The Madagascar Method has received a lot of applaud all round the agricultural community. It is actually System of Rice Intensification (SRI). It was developed in Madagascar, hence the name. Now, let's have a look at what exactly this method is.
SRI is a farming technique with the objective of increasing the yield of rice. This is a labor-intensive, low-water technique that uses young seedlings, which are spaced singly and hand-weeded with specific tools.
The technique was developed by the French Jesuit Father Henri de Laulanie in 1983. He lived in Madagascar. At that time, the technique was not tested completely. Only with the help of Professor Norman Uphoff, serving as the Director of International Institute for Food Agriculture and Development at the Cornell University, did the technique spread to other rice growing areas of the world and this happened years after the technique was developed.
Principles of SRI
The technique includes applying a minimum quantity of water and transplanting the young seedlings individually in a square pattern.
Concepts and techniques used in SRI continue to evolve as growers in rainfed areas adapt SRI. At times, growers substitute transplanting with direct seeding.
SRI central principles as per Cornell researchers are:
- Keeping rice field soils moist instead of irrigating them continuously. This minimizes anaerobic conditions and improves root growth. It also promotes diversity and growth of aerobic soil microbes.
- Planting rice plants singly and in wide spacing to allow better growth of roots and canopy. This ensures good photosynthesis in leaves.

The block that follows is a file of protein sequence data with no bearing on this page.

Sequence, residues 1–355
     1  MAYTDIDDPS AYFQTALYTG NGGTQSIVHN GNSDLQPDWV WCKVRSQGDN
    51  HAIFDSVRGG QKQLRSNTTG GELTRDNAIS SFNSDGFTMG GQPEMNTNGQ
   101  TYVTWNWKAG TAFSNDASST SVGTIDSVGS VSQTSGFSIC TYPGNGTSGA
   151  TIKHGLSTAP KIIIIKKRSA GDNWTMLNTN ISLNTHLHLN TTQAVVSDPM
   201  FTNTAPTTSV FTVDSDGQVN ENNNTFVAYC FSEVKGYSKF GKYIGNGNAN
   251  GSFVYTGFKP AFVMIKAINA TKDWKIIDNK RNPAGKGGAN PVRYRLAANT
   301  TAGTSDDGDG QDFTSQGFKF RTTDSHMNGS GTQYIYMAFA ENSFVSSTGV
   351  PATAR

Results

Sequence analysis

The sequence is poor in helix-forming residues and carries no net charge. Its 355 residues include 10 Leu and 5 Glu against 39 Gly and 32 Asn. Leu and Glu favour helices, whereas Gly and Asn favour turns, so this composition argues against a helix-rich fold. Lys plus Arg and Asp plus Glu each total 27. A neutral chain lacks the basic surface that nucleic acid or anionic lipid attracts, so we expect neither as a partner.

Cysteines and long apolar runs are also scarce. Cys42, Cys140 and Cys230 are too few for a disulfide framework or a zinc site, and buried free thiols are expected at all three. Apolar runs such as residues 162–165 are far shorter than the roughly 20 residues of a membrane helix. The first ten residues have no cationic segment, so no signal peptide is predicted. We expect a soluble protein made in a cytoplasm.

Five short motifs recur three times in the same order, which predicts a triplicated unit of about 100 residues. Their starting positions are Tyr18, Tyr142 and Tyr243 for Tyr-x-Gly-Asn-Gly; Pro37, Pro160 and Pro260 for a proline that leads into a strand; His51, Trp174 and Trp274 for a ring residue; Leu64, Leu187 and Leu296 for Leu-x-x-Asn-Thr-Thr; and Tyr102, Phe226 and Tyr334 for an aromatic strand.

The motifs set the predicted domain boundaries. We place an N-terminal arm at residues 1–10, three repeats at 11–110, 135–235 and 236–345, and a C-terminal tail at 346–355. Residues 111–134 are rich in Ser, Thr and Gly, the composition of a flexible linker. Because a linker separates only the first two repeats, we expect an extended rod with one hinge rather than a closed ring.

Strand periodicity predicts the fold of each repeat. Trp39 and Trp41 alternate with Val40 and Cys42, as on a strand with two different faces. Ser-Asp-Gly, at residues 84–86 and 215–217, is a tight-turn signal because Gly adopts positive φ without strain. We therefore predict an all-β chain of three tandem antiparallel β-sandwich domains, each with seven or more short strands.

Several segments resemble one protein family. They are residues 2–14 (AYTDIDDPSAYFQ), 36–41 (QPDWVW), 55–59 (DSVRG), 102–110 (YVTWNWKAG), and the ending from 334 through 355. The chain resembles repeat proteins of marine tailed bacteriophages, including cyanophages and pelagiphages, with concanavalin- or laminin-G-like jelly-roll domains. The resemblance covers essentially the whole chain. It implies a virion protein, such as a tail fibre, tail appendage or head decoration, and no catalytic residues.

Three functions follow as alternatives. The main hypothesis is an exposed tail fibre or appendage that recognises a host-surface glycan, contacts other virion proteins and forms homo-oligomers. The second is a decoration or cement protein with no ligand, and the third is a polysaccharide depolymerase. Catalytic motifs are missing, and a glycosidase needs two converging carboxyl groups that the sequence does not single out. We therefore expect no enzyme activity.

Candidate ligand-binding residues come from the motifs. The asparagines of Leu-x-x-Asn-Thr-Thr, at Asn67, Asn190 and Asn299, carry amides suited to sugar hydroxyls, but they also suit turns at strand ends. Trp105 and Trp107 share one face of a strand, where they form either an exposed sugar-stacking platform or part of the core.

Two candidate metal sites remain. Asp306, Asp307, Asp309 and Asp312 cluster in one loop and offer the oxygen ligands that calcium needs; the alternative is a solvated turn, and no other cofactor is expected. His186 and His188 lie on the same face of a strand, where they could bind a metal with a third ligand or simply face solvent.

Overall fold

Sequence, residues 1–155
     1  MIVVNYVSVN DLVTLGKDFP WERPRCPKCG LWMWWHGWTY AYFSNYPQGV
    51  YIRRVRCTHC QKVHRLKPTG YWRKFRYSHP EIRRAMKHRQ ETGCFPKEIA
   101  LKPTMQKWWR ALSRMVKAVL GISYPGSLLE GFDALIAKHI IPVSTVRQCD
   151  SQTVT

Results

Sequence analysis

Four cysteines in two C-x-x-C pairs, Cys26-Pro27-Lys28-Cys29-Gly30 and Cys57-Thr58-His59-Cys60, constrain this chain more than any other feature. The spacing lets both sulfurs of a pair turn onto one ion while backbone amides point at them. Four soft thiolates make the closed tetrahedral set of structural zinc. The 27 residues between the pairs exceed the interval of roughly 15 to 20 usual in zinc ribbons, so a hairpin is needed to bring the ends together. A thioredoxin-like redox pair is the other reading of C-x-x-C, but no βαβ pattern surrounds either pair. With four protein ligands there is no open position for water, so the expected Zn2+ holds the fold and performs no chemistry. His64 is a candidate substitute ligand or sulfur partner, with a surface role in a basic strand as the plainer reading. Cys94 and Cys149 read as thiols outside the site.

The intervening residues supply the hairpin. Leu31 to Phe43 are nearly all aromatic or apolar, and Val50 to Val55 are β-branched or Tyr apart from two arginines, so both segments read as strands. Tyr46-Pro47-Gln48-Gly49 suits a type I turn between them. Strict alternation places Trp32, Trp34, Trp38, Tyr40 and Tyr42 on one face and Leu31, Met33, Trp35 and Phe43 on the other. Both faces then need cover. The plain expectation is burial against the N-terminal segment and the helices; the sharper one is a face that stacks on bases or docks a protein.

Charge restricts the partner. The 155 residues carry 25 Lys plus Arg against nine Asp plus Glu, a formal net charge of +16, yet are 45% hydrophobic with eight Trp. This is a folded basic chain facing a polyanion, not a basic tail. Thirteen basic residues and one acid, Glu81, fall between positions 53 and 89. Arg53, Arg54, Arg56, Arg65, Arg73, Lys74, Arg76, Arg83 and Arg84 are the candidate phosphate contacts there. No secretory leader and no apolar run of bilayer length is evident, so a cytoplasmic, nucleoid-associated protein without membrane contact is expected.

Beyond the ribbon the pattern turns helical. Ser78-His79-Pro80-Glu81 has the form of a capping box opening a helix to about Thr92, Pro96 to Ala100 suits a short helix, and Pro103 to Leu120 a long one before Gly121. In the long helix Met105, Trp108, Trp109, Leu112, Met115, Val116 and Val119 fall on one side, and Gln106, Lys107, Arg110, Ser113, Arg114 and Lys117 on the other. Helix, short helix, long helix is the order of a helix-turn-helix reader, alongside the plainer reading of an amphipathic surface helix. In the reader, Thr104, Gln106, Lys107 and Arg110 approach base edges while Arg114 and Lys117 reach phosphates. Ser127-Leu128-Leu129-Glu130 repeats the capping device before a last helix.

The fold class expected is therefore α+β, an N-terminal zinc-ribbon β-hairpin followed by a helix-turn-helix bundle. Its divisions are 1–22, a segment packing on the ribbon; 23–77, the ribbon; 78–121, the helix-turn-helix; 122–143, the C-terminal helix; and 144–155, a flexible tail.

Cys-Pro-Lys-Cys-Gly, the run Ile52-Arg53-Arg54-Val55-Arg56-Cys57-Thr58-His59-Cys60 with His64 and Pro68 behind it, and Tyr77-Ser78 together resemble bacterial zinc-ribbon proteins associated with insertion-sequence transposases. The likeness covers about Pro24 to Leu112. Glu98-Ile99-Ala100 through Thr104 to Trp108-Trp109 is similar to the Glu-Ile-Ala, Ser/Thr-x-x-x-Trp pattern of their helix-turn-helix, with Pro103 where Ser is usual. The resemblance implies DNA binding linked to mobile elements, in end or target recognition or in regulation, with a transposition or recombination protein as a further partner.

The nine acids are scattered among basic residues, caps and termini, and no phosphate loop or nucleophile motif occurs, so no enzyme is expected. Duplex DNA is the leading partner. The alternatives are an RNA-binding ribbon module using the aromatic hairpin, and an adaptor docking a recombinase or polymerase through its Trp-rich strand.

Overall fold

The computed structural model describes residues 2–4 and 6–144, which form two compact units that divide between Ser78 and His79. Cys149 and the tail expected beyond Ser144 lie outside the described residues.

- Transplanting rice seedlings when they are very young, less than 15 days old and have only a couple of leaves. This should be done carefully, quickly, and in a shallow manner. This avoids root trauma and reduces transplant shock to seedlings.
What proponents of SRI say
SRI proponents claim that SRI or Madagascar Method of rice cultivation saves water, decreases cost of production, increases yield, and increases income. These benefits have been seen in 40 countries where this technique is practiced.
What critics of SRI say
SRI critics are of the view that claims of increase in yield through SRI are because they have not been evaluated scientifically. According to them, the methodology lacks detail, especially when done as trial. A few critics are of the view that Madagascar Method is unique to Madagascar soil conditions. It may not suit soil conditions prevalent in other parts of the world.
In India, SRI is catching up in states like Uttarakhand and Himachal Pradesh where farmers experience drought-like conditions. According to reports, farmers using SRI technique got higher yields in their fields than that obtained through traditional techniques.
Interestingly, they used this technique, which is specific to rice, in crops like pulses, rajma, and maize.